Just when you thought you had successfully house trained your dog, guess what? They start peeing all over your living room… AGAIN. You’ve tried every tip and trick you could find, and yet, the problem persists. You feel like you’re starting from square one, and have no idea where to begin.
Listen, I get it. I know just how aggravating it can be.
But what if I told you there were three simple steps you could take to erase this problem, forever? Does that sound appealing? I thought so.
A recent client of mine had this exact same problem with their dog, saying,
“We knew we already had him house trained, but now he’s marking inside!”
Another owner said it was because of their poor house breaking habits and they now see themselves being stuck with a grown dog that is marking in their home.
Thankfully, no one has to be stuck in this smelly situation any longer. But if it has nothing to do with house training, then what’s the missing link?
Hint: It’s All About Structure
Often our dogs may feel insecure and stressed when we don’t implement a foundation of structure or expectations for them to follow. In time, an insecure dog can start marking inside just to feel more secure. And nobody wants that, especially you.
There are three keys to removing such stress, maintaining a happy dog and keeping your home smelling fresh and clean. They are:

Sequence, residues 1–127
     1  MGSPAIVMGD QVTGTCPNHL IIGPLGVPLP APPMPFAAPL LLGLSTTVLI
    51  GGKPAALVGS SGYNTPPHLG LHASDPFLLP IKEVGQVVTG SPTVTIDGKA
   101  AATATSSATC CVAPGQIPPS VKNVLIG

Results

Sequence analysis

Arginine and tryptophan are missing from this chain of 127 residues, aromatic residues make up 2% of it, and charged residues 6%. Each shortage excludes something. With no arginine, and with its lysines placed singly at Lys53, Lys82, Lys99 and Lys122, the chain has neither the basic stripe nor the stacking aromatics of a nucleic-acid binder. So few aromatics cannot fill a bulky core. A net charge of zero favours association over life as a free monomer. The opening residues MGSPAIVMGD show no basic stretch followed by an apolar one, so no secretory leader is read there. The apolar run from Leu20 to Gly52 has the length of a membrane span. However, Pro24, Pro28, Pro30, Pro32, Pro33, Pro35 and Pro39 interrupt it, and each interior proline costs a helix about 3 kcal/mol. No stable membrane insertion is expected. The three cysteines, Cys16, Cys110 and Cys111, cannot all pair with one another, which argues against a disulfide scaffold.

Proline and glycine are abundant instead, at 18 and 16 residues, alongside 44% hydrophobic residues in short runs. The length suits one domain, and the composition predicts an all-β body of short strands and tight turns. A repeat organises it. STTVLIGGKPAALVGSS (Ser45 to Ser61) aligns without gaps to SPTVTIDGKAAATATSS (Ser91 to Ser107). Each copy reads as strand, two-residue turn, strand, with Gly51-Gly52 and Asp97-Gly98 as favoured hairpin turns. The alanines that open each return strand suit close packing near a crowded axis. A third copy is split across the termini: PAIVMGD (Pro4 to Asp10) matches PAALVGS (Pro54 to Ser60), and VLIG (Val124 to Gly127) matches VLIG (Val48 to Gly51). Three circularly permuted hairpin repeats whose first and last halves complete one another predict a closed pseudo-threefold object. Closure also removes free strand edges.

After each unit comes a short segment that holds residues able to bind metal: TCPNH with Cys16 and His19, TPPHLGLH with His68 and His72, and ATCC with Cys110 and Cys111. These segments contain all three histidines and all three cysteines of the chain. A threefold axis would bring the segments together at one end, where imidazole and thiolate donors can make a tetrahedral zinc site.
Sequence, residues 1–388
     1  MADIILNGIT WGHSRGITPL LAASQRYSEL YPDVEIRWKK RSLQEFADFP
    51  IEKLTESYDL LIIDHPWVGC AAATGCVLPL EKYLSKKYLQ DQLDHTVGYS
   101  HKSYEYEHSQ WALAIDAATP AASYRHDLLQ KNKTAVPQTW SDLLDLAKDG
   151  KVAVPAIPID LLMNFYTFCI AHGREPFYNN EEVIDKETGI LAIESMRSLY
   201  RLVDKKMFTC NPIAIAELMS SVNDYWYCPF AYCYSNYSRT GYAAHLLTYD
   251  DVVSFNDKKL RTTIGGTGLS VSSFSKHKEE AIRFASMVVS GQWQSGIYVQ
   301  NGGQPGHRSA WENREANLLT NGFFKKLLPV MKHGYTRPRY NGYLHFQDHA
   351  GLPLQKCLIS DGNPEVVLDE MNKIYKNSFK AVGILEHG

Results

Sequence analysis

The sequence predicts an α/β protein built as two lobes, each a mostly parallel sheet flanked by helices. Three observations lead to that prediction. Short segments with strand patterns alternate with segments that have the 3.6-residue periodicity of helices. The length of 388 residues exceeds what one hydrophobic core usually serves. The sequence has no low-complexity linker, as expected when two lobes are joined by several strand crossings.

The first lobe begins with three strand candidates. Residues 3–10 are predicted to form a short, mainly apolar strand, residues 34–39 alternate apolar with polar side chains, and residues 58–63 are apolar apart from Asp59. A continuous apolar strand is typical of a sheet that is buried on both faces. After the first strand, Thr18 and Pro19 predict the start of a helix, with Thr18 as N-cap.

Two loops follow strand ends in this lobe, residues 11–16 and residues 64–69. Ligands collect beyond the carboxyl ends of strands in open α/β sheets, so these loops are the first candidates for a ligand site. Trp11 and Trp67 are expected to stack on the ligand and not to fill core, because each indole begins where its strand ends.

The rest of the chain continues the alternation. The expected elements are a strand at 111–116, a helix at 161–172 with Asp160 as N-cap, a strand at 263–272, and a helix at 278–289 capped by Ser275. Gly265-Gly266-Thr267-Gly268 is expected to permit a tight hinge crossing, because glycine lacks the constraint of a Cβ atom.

- DON’T reinforce insecurities and neediness with free affection (i.e., petting, treats, etc). This will only strengthen the negative traits you’re trying to avoid and make it harder to develop the ones you want. Instead, build confidence through constant training. Have them sit for everything, especially love and affection, and make it so they EARN the attention they seek.
- Even after such affection has been given, it should only be done in moderate doses. The last thing you want is for your dog to get too attached and not complete the training.
- Make sure that everyone in your household, including children of appropriate age, are all on the same page. Not knowing what to do, when to do it and who to look to for assistance can begin to fortify those insecurities, unwinding all the work you just did.
That’s it! Remember to be patient and give the process time, between three to six weeks.
Your Next 3 Steps
- Step 1: Put these practices to the test right away. Remember to avoid reinforcing your dog’s insecure behaviors, and only reward them once they have achieved a certain goal.
- Step 2: Make sure everyone at home is aware of where your dog is at in their training. You don’t want someone rewarding them for a negative behavior and unwinding all your effort.
- Step 3: Still feel lost? Perhaps you want to dive deeper and find out why exactly your dog has been soiling the carpet? No problem. In my on-demand video coaching course, Dog Pees in the House – How to Fix It, I’ll breakdown why your dog is peeing inside, show you exactly HOW to fix the problem, and even provide you with a comprehensive (and easy) Check Sheet that you can download to help keep you on track.